1 Consumer Intelligence conducted research among 1,040 savers on behalf of Charter Savings Bank between 1st and 2nd May 2018.

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Cash ISA savers missing out on the transfer market

20 February 2018
  • Half of Cash ISA savers aged over 55 have never transferred accounts
  • Two out of five say they won’t switch because they want all their savings in one place and one in 10 believe transfers are too complicated  
  • Charter Savings Bank’s Mix and Match ISA platform enables savers to spread their annual allowance in more than one Cash ISA product at the same time

New research1 from Charter Savings Bank shows Cash ISA savers are missing out on transferring their accounts to gain more competitive rates and increased flexibility because they value convenience over better returns and fear the transfer will be too complicated.

The research indicates that half (50%) of Cash ISA savers aged 55-plus have never moved their accounts to another provider, with more than two out of five (43%) saying they don’t transfer their savings because they want all their money in one place.

However, nearly one in 10 (9%) say they have never transferred because they think the switch will be too complicated, while 42% believe they will not be able to secure a more competitive deal.

HMRC data2 shows around 10.3 million over-55s have money in Cash ISAs, with around 3.9 million opening new accounts each year. Under current ISA rules, most providers only allow savers to deposit their annual allowance into one type of Cash ISA account per year, limiting options for savers.

Charter Savings Bank is offering more choice with its Mix & Match ISA platform, enabling savers to spread their annual allowance within multiple Cash ISAs.

Most providers only offer a Fixed Cash ISA or Easy Access Cash ISA as an option to their customers and lock them in, whereas the Mix & Match ISA gives the customer flexibility.

With the Mix & Match ISA, customers don’t have to put all of their annual allowance into one single Cash ISA. They could for example open an Easy Access Cash ISA with £5,000 and then the following month deposit £10,000 in a 1 Year Fixed Rate Cash ISA product. If they have more money available they could open a third Cash ISA product using the remaining £5,000 of their annual allowance.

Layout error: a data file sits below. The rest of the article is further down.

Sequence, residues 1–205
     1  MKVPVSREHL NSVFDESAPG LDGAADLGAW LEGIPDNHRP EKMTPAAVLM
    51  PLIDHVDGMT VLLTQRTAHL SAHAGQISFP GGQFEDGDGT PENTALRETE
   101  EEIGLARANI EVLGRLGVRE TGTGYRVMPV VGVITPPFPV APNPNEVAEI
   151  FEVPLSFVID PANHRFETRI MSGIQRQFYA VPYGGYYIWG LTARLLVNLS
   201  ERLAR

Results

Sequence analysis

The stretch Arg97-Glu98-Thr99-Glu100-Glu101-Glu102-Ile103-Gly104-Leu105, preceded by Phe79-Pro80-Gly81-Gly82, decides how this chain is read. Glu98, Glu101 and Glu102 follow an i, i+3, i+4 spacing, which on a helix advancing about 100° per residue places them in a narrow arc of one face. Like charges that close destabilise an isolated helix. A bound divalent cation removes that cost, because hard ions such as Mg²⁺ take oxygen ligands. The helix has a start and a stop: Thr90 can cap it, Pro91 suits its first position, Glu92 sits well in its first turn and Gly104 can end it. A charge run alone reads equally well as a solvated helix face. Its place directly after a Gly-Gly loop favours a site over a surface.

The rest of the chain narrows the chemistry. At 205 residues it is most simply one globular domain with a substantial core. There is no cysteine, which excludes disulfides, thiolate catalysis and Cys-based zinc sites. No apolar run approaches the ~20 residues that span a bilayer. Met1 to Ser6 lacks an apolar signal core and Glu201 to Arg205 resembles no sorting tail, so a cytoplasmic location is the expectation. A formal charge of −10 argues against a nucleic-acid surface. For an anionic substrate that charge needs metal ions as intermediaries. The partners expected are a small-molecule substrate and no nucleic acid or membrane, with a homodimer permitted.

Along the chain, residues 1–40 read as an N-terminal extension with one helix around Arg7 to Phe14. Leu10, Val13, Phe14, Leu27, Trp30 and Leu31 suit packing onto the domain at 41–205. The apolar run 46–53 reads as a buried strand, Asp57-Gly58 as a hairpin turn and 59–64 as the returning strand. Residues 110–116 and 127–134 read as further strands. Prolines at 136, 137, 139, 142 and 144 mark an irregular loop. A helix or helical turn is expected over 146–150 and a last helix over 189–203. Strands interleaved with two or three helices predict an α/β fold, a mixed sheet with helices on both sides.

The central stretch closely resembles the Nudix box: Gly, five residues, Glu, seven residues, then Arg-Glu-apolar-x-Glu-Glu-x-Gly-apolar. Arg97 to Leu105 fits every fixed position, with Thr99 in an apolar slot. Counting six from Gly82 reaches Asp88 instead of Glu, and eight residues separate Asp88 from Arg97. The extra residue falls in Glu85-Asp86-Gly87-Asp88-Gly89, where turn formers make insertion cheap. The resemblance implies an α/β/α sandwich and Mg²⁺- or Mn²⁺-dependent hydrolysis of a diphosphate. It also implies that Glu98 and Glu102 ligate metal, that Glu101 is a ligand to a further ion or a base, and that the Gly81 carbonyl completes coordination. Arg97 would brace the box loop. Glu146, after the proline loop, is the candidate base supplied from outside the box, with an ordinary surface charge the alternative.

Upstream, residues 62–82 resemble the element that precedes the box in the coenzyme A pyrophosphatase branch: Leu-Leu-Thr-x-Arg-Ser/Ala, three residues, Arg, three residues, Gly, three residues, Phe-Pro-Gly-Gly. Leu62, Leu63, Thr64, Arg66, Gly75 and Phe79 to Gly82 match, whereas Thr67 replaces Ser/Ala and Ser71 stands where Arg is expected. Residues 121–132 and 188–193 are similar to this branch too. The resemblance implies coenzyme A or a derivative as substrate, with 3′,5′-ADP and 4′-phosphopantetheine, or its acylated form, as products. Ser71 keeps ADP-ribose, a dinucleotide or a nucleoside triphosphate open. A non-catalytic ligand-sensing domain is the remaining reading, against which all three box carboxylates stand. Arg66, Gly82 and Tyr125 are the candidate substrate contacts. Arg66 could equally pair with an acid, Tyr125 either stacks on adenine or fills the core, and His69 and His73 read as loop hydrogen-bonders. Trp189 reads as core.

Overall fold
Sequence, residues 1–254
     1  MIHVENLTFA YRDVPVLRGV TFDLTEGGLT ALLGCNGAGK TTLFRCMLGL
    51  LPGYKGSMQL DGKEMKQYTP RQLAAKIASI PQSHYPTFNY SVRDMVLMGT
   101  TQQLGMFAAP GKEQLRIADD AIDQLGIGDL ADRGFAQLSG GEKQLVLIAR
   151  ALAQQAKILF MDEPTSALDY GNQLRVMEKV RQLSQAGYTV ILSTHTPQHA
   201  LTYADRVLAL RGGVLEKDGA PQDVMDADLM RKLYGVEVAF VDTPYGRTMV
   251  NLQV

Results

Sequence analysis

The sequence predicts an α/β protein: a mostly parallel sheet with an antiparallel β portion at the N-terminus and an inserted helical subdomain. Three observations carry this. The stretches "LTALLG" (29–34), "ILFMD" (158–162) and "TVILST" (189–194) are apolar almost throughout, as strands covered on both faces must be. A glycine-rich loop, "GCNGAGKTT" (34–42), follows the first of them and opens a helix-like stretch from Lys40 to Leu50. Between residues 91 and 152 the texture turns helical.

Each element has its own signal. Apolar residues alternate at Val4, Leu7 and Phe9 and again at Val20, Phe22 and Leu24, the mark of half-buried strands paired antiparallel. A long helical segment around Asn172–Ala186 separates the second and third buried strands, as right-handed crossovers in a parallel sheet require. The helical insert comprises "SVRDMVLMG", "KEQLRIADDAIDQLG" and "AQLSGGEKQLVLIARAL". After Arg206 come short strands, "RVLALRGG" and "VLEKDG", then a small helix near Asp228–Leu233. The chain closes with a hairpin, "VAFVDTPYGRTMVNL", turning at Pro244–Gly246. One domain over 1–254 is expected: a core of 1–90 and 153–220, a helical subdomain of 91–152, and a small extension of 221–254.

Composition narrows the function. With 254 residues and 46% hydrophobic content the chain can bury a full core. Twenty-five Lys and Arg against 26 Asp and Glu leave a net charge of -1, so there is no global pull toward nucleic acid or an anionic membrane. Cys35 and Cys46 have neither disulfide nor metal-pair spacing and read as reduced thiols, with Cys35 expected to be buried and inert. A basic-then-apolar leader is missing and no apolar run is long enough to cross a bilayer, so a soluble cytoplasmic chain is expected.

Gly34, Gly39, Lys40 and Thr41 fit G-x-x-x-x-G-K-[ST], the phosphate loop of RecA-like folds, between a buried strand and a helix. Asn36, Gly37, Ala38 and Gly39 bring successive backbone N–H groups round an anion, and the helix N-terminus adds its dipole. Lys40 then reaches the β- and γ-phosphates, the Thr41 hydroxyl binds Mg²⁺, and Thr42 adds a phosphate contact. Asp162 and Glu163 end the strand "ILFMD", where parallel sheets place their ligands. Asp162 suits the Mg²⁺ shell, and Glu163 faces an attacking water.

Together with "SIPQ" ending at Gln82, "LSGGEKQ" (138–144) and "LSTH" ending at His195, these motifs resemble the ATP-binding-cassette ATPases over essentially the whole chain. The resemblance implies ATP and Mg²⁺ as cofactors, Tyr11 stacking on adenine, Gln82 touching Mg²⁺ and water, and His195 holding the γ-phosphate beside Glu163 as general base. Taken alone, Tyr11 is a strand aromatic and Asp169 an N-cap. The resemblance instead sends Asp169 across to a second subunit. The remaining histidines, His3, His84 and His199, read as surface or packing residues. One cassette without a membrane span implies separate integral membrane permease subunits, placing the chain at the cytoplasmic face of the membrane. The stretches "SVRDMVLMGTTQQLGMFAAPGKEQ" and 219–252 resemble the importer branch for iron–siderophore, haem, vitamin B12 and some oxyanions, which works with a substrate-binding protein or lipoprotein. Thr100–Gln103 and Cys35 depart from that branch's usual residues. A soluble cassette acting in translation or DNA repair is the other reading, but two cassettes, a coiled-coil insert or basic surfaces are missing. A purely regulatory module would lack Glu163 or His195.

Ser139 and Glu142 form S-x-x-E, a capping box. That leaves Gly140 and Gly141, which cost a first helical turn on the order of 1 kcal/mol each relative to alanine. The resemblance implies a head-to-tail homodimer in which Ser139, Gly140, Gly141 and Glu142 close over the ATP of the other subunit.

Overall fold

Charter Savings Bank has also adopted the industry’s eISA system to ensure most savers switching will benefit from a quick and simple transfer.

Its research shows the main motivation for transferring Cash ISA accounts from their existing provider is a rate reduction: 51% of over-55s who have moved said they switched because of a reduction.

Just 35% of over-55s say they always assess the Cash ISA offers each year and move if they find a better rate, while one in three (33%) say they move when the fixed rate term on their Cash ISA expires.

Charter Savings Bank’s research found the age group most likely to transfer Cash ISAs are those aged between 25 and 44 – around 62% of them have switched their Cash ISAs.

Paul Whitlock, Director of Savings, Charter Savings Bank says: “Transferring Cash ISA accounts is a straightforward process, now that the industry has signed up to new standards and is utilising new technology and systems.

“People regularly shop around for more competitive deals on a wide range of goods and services, and that should also be the case in the Cash ISA market. Those who don’t move are risking missing out on more competitive rates, greater flexibility and access to their savings when needed.

“The Charter Savings Bank Mix & Match ISA provides flexibility for savers and enables them to split their allowance across multiple accounts, all with competitive rates.”